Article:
Obese Inmate Found Dead in Long Bay Prison was Prescribed Cocktail of Drugs
Prison doctors prescribed an inmate who died in a Sydney jail a cocktail of pills that may have contributed to his dangerously unhealthy weight of 199 kilograms, an inquest has heard.
Inmate Edward Haenga weighed 150 kilograms when he had a medical review at the privately run Junee jail in country New South Wales in 2011.
He was transferred to Long Bay prison in Sydney in 2013, and died a few months later weighing 199 kilograms.
An autopsy revealed the 37-year-old who was found in his cell on June 9, 2013, had an obesity-related heart condition.
Deputy NSW coroner Derek Lee is examining how the medications Haenga was on may have contributed to his massive weight gain, and if his medication was properly monitored by prison doctors.
The Junee jail in the Riverina region was operated by GEO, which also runs Sydney’s Parklea prison.
Glebe Coroners Court has heard the New Zealand-born man who grew up in Sydney had been prescribed methadone, strong pain relief, anti-inflammatory drugs, various anti-psychotic drugs and anti-depressants including Lexapro and Seroquel.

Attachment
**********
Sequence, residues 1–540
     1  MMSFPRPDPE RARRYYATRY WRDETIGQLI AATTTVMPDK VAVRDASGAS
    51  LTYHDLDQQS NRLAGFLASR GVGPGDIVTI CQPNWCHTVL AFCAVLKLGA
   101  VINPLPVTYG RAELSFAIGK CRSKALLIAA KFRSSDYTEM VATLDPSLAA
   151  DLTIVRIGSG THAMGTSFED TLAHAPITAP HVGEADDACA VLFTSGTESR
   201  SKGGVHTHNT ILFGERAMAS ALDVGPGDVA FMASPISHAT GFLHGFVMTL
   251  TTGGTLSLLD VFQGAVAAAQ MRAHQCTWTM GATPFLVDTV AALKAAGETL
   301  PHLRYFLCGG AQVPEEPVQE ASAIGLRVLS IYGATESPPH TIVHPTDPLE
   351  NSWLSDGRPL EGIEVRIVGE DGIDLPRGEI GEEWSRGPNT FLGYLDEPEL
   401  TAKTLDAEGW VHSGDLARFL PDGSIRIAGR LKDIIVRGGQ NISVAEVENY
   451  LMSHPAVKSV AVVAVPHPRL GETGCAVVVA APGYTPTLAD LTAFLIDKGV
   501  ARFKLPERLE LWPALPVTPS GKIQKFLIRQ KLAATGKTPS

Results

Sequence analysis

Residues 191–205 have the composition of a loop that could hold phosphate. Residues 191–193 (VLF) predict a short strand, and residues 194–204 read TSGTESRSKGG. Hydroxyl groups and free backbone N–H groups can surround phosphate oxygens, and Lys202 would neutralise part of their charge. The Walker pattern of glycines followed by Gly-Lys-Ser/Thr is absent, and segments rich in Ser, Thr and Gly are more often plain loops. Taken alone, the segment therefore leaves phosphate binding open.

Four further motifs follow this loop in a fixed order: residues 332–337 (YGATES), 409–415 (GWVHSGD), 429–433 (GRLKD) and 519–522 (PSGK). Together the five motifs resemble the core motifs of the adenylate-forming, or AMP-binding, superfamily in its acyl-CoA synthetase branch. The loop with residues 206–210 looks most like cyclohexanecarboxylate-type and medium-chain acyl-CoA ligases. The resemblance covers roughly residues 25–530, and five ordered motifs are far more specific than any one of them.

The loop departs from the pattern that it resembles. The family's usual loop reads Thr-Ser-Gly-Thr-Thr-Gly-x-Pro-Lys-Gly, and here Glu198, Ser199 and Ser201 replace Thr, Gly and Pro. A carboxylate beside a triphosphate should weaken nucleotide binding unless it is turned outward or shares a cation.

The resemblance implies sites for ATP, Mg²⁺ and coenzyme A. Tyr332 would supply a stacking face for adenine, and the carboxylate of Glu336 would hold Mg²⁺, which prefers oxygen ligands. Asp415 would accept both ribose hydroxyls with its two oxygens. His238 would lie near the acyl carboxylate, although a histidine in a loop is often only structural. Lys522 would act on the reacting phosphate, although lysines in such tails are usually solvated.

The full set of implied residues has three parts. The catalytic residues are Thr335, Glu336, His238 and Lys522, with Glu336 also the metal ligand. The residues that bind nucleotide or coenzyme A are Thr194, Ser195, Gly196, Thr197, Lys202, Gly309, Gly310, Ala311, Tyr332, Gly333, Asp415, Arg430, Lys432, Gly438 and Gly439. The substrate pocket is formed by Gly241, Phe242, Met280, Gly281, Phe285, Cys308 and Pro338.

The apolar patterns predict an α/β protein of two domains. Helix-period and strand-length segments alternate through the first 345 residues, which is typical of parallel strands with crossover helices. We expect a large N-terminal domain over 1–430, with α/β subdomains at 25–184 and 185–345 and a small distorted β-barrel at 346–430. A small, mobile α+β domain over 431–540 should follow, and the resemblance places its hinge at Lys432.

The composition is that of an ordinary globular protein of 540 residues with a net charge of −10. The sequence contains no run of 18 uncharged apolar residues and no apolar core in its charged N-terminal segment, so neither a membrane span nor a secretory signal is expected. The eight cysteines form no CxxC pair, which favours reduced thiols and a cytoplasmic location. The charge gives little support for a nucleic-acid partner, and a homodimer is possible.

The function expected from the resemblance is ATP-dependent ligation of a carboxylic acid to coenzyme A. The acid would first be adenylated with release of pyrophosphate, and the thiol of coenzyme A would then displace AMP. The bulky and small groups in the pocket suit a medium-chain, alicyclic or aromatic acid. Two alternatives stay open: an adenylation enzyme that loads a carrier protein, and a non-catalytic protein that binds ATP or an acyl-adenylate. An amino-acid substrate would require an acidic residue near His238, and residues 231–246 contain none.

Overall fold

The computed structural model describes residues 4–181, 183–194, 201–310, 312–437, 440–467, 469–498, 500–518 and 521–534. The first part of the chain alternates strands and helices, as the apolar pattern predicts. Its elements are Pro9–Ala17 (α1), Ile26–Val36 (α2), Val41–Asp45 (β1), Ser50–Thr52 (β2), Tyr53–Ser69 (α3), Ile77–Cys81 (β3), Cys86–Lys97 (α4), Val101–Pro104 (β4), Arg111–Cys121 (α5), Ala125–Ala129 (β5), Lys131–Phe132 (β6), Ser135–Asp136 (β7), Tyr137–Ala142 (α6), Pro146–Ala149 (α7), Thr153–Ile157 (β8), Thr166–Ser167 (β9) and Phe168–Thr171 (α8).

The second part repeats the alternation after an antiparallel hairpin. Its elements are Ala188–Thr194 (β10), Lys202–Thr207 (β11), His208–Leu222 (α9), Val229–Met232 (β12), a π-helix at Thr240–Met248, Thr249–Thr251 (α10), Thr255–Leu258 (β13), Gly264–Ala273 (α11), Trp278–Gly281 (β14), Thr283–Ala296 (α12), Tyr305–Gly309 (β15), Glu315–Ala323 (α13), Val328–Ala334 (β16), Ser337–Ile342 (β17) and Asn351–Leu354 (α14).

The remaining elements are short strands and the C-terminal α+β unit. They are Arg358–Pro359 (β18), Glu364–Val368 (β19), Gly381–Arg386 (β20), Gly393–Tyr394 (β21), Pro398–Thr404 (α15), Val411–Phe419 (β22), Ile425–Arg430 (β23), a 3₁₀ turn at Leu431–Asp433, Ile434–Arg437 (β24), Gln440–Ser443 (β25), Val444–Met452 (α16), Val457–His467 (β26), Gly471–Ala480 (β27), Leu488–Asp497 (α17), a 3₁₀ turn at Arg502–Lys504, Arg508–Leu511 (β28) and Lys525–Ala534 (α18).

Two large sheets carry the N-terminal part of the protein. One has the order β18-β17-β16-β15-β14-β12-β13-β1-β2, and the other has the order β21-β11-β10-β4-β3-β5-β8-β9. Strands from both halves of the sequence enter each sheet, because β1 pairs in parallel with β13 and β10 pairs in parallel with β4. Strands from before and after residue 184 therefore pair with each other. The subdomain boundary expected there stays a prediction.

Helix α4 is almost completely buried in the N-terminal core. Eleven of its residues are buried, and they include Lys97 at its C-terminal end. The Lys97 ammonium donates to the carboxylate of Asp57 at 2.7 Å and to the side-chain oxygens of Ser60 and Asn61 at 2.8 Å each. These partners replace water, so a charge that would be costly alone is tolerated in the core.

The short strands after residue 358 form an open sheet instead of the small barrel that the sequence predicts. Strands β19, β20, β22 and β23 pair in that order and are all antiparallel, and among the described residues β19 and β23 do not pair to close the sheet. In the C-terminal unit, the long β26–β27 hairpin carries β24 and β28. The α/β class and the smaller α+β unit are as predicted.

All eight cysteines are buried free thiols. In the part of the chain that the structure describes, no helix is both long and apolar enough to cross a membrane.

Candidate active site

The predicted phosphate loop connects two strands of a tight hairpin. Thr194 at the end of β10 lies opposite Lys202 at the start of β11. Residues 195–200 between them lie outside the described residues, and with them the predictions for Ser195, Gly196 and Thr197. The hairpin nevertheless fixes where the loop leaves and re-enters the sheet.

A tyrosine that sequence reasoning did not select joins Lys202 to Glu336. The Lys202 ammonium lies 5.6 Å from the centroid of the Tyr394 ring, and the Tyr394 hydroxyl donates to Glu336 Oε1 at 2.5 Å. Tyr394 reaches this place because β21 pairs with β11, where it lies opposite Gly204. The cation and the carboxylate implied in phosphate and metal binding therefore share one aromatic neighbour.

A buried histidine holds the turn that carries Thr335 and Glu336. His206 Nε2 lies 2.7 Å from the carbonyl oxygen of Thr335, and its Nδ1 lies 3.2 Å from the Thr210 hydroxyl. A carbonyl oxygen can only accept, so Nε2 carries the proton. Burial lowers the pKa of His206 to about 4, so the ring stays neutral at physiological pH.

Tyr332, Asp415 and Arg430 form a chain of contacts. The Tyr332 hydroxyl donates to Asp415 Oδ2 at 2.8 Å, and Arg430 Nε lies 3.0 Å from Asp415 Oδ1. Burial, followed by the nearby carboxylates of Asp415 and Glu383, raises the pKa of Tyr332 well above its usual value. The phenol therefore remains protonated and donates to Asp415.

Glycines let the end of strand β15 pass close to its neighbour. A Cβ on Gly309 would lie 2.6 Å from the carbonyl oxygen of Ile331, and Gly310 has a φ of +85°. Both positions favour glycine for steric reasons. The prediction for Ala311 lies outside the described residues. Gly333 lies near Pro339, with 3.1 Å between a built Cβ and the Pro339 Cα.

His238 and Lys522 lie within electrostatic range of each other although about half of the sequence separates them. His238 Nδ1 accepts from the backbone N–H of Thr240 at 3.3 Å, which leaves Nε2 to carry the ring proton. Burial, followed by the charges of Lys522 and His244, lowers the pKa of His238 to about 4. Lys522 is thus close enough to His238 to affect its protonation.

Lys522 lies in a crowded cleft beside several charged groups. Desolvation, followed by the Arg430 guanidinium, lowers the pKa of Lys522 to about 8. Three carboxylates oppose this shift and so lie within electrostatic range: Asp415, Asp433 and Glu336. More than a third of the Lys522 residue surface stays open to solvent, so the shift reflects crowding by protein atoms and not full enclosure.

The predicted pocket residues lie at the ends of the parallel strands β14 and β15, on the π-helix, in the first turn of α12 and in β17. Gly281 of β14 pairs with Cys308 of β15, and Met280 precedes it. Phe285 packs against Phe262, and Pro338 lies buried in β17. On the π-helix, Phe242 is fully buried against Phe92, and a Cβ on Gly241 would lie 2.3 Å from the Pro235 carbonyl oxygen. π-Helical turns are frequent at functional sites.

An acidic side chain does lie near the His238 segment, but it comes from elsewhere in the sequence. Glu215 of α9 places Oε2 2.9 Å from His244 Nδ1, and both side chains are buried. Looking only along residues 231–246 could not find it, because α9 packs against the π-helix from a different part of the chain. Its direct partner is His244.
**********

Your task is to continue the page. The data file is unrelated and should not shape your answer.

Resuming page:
During his time in jail he was hospitalised for pneumonia and septicaemia in 2011.
He had started taking medication for pain and post-traumatic stress disorder after sustaining burns to 75 per cent of his body when he was in a house fire at the age of 18.
No Medical Handover Between Jails
The Counsel Assisting the coroner, Peter Aitken, said questions will be raised about why there is no clear record of a handover from the prison doctors who treated Haenga at Junee, to his treating doctors in Sydney.
Dr Richard Baguley told the inquest he was a GP at Junee jail for 22 years before he retired in 2015.
He said there was no formal handover process between Junee and doctors at other jails and that they contacted him rarely.
When asked how often he received calls from other jails after a prisoner transfer he said: “I might get two or three phone calls a year.”
The inquest is looking at the medical care the prisoner received, the cause and manner of his death, and whether the doses and combination of drugs he was on contributed to it.
It is also looking at procedures that were in place to monitor if inmates had stopped taking their medication.
‘Why Did He Get So Big?’
Mr Lee expressed his sympathy to the prisoner’s family members who were in court.
“I can only begin to get a glimmer of your loss… inquests often raise very strong emotions,” he said.
Outside Glebe Coroners court, the prisoner’s father Pepe Uili said he wanted answers.
“If they were looking after him properly, why did he get so big?” Mr Uili said.
“Why didn’t they see that?”